At the initial hearing on the petition, the court shall either dismiss the petition or enter an order finding that the threshold conditions for pursuing reinstatement have been met and that it is in the best interests of the child to work toward reinstatement of the parent-child legal relationship. If the court finds that working toward reinstatement is in the best interests of the child, then the court must approve a transition plan for reinstatement of the parent-child legal relationship, including visitation or placement of the child with the former parent for a designated trial period of up to six months while the child remains in the custody of the county department.

At the final hearing, the court must make certain findings and may either dismiss the petition, continue the matter for another hearing, or grant the petition and order the reinstatement of the parent-child legal relationship if the court finds by clear and convincing evidence that it is in the best interests of the child.

The bill states the effect of reinstatement. The bill further states that granting the petition for reinstatement does not vacate or otherwise affect the validity of the original order terminating the parent-child legal relationship and that granting a petition for reinstatement for one former parent does not restore or otherwise impact the rights of the other former parent.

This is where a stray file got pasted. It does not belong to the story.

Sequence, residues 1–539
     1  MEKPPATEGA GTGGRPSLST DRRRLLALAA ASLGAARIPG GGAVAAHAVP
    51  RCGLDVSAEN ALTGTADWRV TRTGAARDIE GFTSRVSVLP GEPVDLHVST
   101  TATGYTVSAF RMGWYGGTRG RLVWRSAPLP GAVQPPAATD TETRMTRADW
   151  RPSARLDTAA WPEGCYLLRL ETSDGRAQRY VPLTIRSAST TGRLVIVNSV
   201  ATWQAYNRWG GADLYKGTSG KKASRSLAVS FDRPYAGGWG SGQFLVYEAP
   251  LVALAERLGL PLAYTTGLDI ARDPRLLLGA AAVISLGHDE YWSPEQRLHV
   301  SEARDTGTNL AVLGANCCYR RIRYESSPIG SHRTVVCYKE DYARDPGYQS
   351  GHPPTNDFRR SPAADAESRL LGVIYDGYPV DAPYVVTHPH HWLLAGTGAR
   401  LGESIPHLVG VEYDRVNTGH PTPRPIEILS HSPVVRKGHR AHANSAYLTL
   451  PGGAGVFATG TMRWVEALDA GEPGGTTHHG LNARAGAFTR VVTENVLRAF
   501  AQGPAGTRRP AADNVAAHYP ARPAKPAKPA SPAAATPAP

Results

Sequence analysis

The bill states that this statutory process does not create a cause of action against the county department or its employees concerning the original order terminating the parent-child legal relationship. The bill also states that this statutory process should not be construed to limit or alter the protections of a governmental entity or its employees under the “Colorado Governmental Immunity Act.”

A county department, guardian ad litem, or other person filing a petition for reinstatement must file the petition in the county or city and county that has legal custody of the child.

On Jan. 27, the Judiciary Committee amended the bill and sent it to the Appropriations Committee. The Appropriations Committee approved the bill on Feb. 7 and sent it to the floor for consideration on 2nd Reading.

Since this summary, the bill passed the Senate on Second Reading, with amendments.